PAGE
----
Laser marking is clearly superior to other marking processes thanks to a number of advantages. First, laser marking is a process that can generally be implemented without mechanical intervention. Since the tool is a laser beam with no mass, there is no need to clamp the semi-finished product to be marked, substantially reducing set-up time.
Another advantage of the process is that it generally does not require auxiliary materials or other consumables, which keeps maintenance requirements and investment costs low in the short and long term. The laser marking process merely changes the material properties, meaning that all types of marking are activated working from the properties of the material to be marked.
Laser systems are also a largely wear-free production system. The amount of mechanical work performed is low, which reduces the likelihood of faults and therefore extends maintenance intervals.
Last but not least, this marking process offers extremely high flexibility. Information can be changed quickly in CAD systems and immediately applied to the material that is to be marked. Whereas it was previously also necessary to manufacture expensive dies with the right contours, it is now possible to scan in any required contour using the laser beam.
Marking in black
A common request for laser marking is to achieve a high visual contrast without causing any mechanical damage to the surface. In the food industry and medical technology in particular, these criteria are extremely important. However, this is often also required for rotationally symmetric bodies, since bumps or engraving would change the moment of inertia and make it impossible to ensure concentricity in the long term. To produce a marking in black, the laser heats up the surface of the material and the volume underneath. This causes the metal lattice to vibrate, causing carbon trapped in the microstructure to be diffused to the surface. This precipitation is perceived as black marking.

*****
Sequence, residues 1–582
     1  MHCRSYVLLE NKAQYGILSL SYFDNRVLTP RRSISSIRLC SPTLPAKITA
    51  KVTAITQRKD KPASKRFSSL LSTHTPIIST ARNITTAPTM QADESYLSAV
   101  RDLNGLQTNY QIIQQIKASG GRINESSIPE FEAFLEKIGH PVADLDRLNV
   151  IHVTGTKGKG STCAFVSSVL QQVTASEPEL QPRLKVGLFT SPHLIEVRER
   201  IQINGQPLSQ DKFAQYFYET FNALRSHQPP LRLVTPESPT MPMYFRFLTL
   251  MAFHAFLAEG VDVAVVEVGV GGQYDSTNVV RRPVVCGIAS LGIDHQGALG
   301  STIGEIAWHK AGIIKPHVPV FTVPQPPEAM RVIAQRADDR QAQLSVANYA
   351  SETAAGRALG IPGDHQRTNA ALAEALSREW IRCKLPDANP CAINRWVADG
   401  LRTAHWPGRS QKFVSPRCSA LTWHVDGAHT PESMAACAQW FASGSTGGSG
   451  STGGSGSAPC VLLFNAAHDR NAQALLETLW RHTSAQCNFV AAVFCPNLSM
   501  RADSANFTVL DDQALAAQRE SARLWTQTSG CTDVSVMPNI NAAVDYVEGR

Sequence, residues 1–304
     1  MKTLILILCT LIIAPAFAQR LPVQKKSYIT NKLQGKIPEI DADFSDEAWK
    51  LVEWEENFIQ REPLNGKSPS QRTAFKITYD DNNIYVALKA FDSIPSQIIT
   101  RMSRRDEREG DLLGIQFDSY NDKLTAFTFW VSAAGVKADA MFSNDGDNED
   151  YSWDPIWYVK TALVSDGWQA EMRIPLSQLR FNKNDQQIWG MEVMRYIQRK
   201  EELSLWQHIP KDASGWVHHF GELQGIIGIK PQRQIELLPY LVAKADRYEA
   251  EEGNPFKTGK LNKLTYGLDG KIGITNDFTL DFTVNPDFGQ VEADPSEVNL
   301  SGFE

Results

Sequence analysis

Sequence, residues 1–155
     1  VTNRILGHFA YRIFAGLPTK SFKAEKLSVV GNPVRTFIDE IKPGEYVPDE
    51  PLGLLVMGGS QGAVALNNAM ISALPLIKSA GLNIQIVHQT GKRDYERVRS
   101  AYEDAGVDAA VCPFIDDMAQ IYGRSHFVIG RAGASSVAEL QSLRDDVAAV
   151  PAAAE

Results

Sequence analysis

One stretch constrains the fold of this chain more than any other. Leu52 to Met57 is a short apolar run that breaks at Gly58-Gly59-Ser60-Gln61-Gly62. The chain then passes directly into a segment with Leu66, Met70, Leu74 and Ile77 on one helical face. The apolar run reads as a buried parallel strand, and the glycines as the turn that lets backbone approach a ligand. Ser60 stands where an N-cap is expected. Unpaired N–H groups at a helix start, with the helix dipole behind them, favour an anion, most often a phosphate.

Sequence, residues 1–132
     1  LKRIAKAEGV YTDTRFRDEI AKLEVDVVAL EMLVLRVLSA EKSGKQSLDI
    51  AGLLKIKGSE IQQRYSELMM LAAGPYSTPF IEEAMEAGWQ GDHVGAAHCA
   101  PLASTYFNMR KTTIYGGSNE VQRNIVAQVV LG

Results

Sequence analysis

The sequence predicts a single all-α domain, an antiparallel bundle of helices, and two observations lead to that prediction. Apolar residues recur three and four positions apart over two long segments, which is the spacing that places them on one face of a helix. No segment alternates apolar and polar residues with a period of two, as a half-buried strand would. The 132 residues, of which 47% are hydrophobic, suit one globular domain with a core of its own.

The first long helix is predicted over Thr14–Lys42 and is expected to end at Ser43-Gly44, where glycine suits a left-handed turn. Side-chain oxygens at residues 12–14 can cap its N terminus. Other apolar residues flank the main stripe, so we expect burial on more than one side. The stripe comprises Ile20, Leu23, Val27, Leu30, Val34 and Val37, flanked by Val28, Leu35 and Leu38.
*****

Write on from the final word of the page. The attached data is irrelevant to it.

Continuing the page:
Black marking and anneal marking are often used interchangeably. However, black is not listed in the table of annealing colours. The process of anneal marking contrasts clearly with black marking. Rather than creating the marking by precipitating a layer of carbon, it involves introducing oxygen into the metal lattice structure. The laser causes the lattice molecules to vibrate, and oxygen is deposited in the structure. This forms an oxide layer which takes on the properties of a visible layer system. Different layers cause interference in the visible light reflected back by the material, causing certain colour components to be nullified or amplified. As a result, anneal marking is characterised by creating a coloured appearance on the relevant metals. However, in practice, the mechanisms of black marking and anneal marking overlap, so using the terms interchangeably is sufficiently accurate for most purposes.